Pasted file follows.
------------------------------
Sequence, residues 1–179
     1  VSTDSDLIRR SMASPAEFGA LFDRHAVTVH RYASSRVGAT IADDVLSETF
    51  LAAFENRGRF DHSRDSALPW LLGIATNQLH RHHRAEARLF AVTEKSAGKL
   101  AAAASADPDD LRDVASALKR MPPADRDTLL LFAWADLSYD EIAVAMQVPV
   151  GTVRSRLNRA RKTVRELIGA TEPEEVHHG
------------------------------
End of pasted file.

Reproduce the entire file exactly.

Sequence, residues 1–179
     1  VSTDSDLIRR SMASPAEFGA LFDRHAVTVH RYASSRVGAT IADDVLSETF
    51  LAAFENRGRF DHSRDSALPW LLGIATNQLH RHHRAEARLF AVTEKSAGKL
   101  AAAASADPDD LRDVASALKR MPPADRDTLL LFAWADLSYD EIAVAMQVPV
   151  GTVRSRLNRA RKTVRELIGA TEPEEVHHG